Out of every block of many cycles of NPMR functioning, one of the core cycles of our IUOCs functioning deals with our PMR participation. Not that a cycle is taken away from our NPMR cycles but that interspersed, coming after many NPMR devoted cycles and all of the vastly many AUM devoted cycles interspersed between them, comes one cycle devoted to our PMR participation. All of these intermittent PMR devoted cycles creates our PMR experience. Again, our IUOC is our real self as the experiencer of this PMR data stream. Within our PMR experience, TBC must provide the simulation of the whole physicality of PMR, all of the scenery, and also the appearance of our bodies and the bodies of all those others that we interact with. It provides us with our bodily senses. And as I have explained, because our true self as an IUOC functions at the same super fast cycling rate as the base LCS of which we are part, we here in PMR cannot comprehend all of our thinking that goes into making our decisions as we go along exercising our free will. We, as the physical PMR beings that are simulated in the PMR experience simply cannot sense and think at that rate. So The Big Computer must select for us out of all of that thought stream the small part that represents the most important point within the total. Nothing is thinking or deciding for us. We do the thinking and deciding. I just hope I have finally put together the right string of words for you to understand this.

Ted


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 Post subject: Re: Free will (a review)
PostPosted: Mon Mar 19, 2012 9:15 am 
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Thank you, Ted.

I won't offer my opinions in detail about what you wrote because I don't particularly feel like debating this issue into infinite and you have already been very gracious with your responses. I will say that I stand by my conclusions and I understand the point you made about one's IUOC being the real self, my personal view is not at odds with that point, it is simply a matter of perspective or magnification, so to speak. It all depends on how one likes to look at it, either from the narrow PMR perspective or the big picture.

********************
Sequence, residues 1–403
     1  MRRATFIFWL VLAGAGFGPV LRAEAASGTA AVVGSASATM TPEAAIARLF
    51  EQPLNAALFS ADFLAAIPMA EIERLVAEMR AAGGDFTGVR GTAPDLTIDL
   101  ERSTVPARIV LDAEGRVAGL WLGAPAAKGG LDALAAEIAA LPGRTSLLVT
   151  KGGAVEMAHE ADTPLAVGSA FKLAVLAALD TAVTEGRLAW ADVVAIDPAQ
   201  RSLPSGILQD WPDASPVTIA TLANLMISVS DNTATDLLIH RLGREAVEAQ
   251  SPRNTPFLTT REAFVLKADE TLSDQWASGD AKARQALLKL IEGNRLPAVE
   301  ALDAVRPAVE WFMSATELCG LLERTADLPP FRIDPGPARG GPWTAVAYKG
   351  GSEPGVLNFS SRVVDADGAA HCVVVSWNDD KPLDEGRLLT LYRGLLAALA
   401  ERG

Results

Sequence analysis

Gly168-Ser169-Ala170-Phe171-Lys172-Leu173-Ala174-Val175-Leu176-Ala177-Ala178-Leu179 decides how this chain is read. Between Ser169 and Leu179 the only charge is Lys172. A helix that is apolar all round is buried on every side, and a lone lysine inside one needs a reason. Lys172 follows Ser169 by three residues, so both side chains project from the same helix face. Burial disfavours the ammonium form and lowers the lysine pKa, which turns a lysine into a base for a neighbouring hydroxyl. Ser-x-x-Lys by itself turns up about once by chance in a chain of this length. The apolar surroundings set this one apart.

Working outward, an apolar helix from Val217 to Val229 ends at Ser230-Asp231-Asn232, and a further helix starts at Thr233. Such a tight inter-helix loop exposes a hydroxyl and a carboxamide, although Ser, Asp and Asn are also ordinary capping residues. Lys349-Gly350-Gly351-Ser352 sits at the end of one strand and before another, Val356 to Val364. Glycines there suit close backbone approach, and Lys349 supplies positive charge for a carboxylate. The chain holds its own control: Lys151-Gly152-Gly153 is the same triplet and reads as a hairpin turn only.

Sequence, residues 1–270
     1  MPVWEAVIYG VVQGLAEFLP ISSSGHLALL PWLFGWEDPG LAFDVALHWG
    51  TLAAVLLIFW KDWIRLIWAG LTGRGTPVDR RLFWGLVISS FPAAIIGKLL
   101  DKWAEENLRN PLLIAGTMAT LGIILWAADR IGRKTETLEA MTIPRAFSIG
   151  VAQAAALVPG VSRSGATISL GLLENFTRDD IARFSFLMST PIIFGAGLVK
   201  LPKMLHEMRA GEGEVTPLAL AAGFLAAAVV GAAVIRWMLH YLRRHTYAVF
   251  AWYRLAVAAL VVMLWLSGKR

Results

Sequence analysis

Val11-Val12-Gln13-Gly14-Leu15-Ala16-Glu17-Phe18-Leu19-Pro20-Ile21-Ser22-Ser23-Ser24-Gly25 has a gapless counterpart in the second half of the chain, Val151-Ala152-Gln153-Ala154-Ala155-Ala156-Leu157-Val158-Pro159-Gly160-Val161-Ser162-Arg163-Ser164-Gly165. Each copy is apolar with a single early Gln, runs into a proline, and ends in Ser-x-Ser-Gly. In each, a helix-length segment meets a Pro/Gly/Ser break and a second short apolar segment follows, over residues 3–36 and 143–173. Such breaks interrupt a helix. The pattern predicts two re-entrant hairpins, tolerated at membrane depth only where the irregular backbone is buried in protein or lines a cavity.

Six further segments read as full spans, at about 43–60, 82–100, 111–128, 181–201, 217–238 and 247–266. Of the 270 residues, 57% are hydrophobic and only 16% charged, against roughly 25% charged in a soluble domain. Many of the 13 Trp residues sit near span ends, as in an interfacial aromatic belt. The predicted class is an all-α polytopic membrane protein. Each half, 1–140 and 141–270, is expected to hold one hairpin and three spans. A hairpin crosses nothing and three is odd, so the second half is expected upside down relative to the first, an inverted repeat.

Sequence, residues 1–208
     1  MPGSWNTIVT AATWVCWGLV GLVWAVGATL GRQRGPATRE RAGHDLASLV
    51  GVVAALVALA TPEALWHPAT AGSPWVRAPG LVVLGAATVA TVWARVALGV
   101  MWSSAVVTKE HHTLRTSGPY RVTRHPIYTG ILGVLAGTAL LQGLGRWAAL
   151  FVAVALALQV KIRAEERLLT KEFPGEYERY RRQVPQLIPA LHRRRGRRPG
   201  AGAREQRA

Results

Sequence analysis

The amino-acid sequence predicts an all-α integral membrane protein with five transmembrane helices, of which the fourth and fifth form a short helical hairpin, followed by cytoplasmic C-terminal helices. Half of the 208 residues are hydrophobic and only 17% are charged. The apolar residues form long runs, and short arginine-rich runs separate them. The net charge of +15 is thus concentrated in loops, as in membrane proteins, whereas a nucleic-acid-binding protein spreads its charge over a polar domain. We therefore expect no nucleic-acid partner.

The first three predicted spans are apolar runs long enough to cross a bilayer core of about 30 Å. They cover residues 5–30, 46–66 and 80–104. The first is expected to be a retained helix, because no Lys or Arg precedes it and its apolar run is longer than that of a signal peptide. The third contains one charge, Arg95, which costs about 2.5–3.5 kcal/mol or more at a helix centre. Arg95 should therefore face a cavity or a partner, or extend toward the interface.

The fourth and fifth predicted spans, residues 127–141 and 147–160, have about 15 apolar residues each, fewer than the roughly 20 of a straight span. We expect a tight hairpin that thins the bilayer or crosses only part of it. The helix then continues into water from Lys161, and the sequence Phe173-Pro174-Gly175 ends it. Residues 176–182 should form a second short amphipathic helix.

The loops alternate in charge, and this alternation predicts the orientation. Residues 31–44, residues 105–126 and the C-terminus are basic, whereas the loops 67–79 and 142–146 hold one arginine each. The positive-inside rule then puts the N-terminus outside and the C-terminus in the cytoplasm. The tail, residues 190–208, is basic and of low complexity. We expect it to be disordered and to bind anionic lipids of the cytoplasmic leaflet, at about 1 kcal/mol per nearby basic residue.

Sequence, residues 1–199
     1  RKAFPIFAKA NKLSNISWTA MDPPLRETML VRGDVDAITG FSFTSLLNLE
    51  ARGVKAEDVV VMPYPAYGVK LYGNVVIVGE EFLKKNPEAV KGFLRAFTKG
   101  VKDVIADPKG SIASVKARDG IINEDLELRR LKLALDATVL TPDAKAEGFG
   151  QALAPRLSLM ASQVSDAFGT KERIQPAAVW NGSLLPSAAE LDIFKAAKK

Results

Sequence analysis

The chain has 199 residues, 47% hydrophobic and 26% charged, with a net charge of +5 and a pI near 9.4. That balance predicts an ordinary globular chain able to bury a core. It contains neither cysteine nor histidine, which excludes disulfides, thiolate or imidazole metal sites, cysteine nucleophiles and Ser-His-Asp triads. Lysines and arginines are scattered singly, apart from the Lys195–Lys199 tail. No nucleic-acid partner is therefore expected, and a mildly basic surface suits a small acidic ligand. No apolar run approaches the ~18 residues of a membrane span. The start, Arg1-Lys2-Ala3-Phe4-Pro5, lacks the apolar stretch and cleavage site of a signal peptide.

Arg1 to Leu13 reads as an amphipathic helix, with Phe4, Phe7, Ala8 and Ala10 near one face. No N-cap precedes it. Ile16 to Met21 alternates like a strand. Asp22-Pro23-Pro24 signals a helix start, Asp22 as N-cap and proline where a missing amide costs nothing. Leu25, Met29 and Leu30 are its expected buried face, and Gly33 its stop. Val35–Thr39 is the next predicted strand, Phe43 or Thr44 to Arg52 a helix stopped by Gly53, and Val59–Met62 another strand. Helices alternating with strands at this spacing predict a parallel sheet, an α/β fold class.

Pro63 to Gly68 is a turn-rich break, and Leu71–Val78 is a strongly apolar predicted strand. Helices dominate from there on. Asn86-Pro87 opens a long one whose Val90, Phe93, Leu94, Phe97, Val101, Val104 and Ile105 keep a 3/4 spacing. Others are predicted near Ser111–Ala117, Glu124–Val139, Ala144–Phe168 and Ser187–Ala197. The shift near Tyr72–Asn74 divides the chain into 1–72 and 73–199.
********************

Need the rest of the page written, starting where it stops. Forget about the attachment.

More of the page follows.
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 Post subject: Re: Free will (a review)
PostPosted: Mon Mar 19, 2012 11:57 am 
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Ad: " If the origin of our thoughts is external to us then we do not have free will. This at least true in PMR. I am standing firm by this conclusion. "

I wondered about that too: The origin of our thoughts is external? How was that determined?

If that is true, whence my current wonderment????? : Who has done this wondering for me and planted it in my head???


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 Post subject: Re: Free will (a review)
PostPosted: Mon Mar 19, 2012 12:10 pm 
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Calling Ted narrow minded it not nice, And looking at things through the constraints of PM is the only way we can look at freewill or anything else, including the big picture. This is another characteristic of our freedom to choose. Sometimes we all choose to fool ourselves and that seems to be part of the game too. Fred searching for truth


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 Post subject: Re: Free will (a review)
PostPosted: Mon Mar 19, 2012 12:41 pm 
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Montana wrote:Ad: " If the origin of our thoughts is external to us then we do not have free will. This at least true in PMR. I am standing firm by this conclusion. "

I wondered about that too: The origin of our thoughts is external? How was that determined?

If that is true, whence my current wonderment????? : Who has done this wondering for me and planted it in my head???
The source of the wonderment is not you (as an FWAU). You only feel the wonderment. You didn't cause it.


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 Post subject: Re: Free will (a review)
PostPosted: Mon Mar 19, 2012 12:44 pm 
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fast-

I did not call Ted narrow-minded. That insult would apply, instead, to others.


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 Post subject: Re: Free will (a review)